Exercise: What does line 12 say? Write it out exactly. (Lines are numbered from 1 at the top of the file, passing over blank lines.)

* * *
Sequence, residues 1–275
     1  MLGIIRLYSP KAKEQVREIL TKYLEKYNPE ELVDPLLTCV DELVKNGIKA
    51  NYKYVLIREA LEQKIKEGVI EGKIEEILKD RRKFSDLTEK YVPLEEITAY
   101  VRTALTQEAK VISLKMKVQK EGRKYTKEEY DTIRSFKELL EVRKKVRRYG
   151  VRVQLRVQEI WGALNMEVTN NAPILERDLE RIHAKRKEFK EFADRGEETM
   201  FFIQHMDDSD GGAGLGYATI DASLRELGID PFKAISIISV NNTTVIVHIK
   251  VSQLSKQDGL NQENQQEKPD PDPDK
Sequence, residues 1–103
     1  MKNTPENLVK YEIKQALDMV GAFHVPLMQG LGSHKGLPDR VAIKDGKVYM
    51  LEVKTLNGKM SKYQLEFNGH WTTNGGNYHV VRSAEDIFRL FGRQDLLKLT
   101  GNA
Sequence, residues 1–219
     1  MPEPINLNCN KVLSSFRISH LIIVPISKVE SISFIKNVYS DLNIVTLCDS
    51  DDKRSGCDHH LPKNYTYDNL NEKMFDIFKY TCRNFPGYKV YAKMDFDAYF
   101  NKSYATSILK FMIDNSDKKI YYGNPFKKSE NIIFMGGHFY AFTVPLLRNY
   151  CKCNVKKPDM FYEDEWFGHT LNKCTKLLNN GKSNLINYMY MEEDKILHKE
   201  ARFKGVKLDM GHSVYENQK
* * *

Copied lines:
Sequence, residues 1–219